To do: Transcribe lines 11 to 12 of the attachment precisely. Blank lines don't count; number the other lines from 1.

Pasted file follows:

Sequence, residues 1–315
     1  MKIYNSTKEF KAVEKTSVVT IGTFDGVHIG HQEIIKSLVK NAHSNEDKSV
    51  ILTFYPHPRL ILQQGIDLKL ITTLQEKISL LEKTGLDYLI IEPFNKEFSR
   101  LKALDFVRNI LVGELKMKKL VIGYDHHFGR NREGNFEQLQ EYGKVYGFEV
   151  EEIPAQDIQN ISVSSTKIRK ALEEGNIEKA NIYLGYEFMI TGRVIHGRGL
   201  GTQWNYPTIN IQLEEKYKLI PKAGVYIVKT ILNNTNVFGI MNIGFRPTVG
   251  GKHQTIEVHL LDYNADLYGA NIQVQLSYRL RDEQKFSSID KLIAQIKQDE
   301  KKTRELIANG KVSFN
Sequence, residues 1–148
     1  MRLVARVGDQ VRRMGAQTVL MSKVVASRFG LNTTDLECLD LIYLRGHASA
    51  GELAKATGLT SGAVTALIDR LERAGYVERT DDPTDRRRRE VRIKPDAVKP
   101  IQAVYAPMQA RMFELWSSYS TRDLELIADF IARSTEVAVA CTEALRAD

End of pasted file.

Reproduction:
    51  GELAKATGLT SGAVTALIDR LERAGYVERT DDPTDRRRRE VRIKPDAVKP
   101  IQAVYAPMQA RMFELWSSYS TRDLELIADF IARSTEVAVA CTEALRAD